Good Scout – Break
There’s music meant to work merely on your imagination, delivering a message and, perhaps, helping convince you of the importance of certain issues. The 60s folkies were especially effective in this regard.
There are other styles, however, where the sound itself is meant to have a body as much as on the spirit. Metal is supposed to sound like someone using a jackhammer on your head. The moronic dubstep drop was supposed to rattle your stomach. And, shoegaze is supposed to overpower you like a tall wave of sound crumbling over you.
Good Scout offers a modern interpretation of highly textured sound. The guitars don’t so much play notes as vibrate like giant theremins, while the vocals hide in between the few cracks left in the mix. Break is a tune that fans of My Bloody Valentine and Slowdive will likely enjoy.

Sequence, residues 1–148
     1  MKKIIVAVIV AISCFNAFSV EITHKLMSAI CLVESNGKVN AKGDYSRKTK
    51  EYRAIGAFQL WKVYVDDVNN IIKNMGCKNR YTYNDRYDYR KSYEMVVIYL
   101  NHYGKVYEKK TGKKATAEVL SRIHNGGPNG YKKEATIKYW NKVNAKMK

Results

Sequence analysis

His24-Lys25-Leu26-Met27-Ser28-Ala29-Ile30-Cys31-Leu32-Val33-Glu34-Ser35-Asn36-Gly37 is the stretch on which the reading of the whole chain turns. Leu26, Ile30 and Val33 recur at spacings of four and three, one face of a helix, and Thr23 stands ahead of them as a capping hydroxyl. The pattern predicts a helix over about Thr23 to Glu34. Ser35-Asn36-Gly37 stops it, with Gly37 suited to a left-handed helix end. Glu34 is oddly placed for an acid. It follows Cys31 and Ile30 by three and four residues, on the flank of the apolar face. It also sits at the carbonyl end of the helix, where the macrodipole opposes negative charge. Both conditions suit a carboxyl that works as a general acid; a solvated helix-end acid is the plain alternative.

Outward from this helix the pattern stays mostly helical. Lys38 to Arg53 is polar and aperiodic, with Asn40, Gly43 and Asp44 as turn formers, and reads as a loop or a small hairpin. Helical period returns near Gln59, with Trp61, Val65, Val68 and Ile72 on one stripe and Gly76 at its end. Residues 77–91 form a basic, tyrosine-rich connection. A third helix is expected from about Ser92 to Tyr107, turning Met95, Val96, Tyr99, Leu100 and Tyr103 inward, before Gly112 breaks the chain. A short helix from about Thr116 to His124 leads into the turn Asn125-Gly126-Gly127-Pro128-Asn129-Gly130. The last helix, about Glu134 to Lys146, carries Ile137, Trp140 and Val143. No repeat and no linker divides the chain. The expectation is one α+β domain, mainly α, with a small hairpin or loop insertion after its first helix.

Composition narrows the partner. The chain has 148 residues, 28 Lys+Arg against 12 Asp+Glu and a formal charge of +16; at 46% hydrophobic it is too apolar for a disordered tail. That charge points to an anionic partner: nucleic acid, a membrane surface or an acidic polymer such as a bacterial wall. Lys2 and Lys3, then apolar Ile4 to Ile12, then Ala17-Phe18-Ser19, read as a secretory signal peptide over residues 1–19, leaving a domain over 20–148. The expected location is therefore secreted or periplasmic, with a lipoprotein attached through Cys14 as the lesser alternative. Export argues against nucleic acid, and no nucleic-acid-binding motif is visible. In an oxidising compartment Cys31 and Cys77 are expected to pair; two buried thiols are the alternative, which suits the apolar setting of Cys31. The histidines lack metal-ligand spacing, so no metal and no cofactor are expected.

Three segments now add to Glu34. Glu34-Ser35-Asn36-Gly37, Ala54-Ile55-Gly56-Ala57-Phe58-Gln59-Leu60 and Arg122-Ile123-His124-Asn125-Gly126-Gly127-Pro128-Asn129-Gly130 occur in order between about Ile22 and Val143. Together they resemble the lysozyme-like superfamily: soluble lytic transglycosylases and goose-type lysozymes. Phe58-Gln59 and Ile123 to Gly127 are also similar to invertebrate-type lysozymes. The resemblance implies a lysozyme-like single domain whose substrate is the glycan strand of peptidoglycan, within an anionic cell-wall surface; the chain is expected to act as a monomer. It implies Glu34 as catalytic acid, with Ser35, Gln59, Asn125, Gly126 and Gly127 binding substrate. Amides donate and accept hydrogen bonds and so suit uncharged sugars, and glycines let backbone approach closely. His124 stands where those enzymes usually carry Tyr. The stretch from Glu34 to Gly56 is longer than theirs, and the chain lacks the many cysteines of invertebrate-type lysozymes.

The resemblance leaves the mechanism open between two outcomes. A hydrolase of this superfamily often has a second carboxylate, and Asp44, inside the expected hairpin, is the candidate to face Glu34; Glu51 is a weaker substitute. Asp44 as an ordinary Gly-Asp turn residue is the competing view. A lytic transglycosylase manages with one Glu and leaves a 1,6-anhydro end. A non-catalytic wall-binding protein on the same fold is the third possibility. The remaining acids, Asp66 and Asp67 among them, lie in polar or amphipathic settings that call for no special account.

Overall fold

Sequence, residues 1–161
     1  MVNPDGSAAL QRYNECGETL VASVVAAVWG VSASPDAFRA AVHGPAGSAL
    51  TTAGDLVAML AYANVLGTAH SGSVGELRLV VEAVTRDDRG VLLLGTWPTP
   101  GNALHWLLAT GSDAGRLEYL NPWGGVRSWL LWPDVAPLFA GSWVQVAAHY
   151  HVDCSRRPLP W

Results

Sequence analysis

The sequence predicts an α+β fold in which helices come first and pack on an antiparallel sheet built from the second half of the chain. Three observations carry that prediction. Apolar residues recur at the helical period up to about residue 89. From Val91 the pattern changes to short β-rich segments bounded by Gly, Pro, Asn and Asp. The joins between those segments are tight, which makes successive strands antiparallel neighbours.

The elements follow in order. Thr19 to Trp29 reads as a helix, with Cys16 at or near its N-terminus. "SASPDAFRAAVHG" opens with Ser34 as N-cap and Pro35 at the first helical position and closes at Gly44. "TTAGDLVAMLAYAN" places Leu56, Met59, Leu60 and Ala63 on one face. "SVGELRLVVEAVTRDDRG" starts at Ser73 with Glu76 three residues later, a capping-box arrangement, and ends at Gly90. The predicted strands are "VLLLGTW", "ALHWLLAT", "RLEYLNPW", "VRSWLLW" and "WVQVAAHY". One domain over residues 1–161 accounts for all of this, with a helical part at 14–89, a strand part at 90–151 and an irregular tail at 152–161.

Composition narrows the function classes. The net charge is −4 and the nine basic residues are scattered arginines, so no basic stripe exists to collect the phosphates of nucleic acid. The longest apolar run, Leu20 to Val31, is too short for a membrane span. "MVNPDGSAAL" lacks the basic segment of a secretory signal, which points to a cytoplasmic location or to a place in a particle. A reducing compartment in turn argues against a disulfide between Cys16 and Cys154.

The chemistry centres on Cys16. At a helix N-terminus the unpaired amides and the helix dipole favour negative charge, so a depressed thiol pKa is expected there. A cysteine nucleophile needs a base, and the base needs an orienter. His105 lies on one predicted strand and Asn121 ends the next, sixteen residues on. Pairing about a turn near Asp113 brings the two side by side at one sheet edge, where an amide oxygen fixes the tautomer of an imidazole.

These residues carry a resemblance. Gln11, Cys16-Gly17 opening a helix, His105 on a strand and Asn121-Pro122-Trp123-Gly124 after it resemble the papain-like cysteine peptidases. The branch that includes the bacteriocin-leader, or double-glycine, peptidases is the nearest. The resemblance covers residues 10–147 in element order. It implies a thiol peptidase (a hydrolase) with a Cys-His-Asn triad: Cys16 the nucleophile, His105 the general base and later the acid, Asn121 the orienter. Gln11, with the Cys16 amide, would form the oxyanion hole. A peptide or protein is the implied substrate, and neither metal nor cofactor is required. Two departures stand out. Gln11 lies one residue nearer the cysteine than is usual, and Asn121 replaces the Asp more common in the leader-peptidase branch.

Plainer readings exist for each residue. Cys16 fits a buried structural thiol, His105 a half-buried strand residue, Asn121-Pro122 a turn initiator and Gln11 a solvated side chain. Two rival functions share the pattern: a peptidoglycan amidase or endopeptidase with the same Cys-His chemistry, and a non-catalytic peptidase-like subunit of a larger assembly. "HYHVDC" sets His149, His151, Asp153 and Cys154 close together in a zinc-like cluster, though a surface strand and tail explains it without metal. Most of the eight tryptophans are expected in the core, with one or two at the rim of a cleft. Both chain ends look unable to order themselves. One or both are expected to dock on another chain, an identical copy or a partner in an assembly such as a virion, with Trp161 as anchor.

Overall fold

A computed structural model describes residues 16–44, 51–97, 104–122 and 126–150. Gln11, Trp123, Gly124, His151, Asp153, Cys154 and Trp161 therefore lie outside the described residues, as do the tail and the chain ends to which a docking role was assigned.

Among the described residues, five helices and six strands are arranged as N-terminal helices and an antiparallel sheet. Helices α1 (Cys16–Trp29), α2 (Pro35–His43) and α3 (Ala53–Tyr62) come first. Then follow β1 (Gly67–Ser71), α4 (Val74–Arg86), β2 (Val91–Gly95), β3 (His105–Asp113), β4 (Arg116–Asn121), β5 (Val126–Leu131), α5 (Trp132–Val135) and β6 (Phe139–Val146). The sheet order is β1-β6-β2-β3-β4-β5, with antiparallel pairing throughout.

Jaws the Shark – Demon Dream
The more time you spend working, the less time you have to make money. That’s an old maxim that has served many in the rock world well. I doubt you would have ever caught Noel Gallagher or Julian Casablancas slaving over a guitar and a piece of paper in the wee hours of the night searching for the perfect line. Why write your own, when others have got it covered for you?
It’s only fair that things would work out this way. After all, John Lennon himself, the man idolized by songwriters for decades, once revealed that part of the secret to great songwriting was to figure out how to reassemble your favourite songs and avoid lawsuits.
Jaws the Shark are similarly slippery characters drawing from grunge’s playbook with their power-chord frenzy on Demon Dream. They’ve also acquired some of the blues-rock grooves that have made bands like the Black Keys and Royal Blood something of a recent sensation. And, they throw in a smudge of dreamy neo-psychedelia to throw every one of their scents.